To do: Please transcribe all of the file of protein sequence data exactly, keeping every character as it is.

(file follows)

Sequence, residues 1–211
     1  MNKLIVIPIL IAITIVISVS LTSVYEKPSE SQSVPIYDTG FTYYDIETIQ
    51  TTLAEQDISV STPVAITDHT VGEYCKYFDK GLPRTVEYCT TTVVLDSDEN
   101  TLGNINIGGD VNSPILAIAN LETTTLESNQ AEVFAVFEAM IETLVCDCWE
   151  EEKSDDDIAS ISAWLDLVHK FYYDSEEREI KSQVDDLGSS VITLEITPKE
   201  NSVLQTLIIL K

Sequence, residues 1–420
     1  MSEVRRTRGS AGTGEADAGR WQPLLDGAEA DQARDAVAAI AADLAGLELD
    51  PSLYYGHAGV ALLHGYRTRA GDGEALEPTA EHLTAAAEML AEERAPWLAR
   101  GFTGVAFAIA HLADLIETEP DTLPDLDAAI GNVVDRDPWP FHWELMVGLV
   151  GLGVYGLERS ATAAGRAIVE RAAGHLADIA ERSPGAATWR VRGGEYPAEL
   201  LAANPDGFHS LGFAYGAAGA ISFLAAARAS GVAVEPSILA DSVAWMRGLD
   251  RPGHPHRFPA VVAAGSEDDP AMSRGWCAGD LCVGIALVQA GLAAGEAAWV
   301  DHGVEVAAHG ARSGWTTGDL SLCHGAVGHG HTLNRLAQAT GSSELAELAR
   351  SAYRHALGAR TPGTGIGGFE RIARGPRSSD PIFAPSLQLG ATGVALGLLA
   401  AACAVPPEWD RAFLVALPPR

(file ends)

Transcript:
Sequence, residues 1–211
     1  MNKLIVIPIL IAITIVISVS LTSVYEKPSE SQSVPIYDTG FTYYDIETIQ
    51  TTLAEQDISV STPVAITDHT VGEYCKYFDK GLPRTVEYCT TTVVLDSDEN
   101  TLGNINIGGD VNSPILAIAN LETTTLESNQ AEVFAVFEAM IETLVCDCWE
   151  EEKSDDDIAS ISAWLDLVHK FYYDSEEREI KSQVDDLGSS VITLEITPKE
   201  NSVLQTLIIL K

Sequence, residues 1–420
     1  MSEVRRTRGS AGTGEADAGR WQPLLDGAEA DQARDAVAAI AADLAGLELD
    51  PSLYYGHAGV ALLHGYRTRA GDGEALEPTA EHLTAAAEML AEERAPWLAR
   101  GFTGVAFAIA HLADLIETEP DTLPDLDAAI GNVVDRDPWP FHWELMVGLV
   151  GLGVYGLERS ATAAGRAIVE RAAGHLADIA ERSPGAATWR VRGGEYPAEL
   201  LAANPDGFHS LGFAYGAAGA ISFLAAARAS GVAVEPSILA DSVAWMRGLD
   251  RPGHPHRFPA VVAAGSEDDP AMSRGWCAGD LCVGIALVQA GLAAGEAAWV
   301  DHGVEVAAHG ARSGWTTGDL SLCHGAVGHG HTLNRLAQAT GSSELAELAR
   351  SAYRHALGAR TPGTGIGGFE RIARGPRSSD PIFAPSLQLG ATGVALGLLA
   401  AACAVPPEWD RAFLVALPPR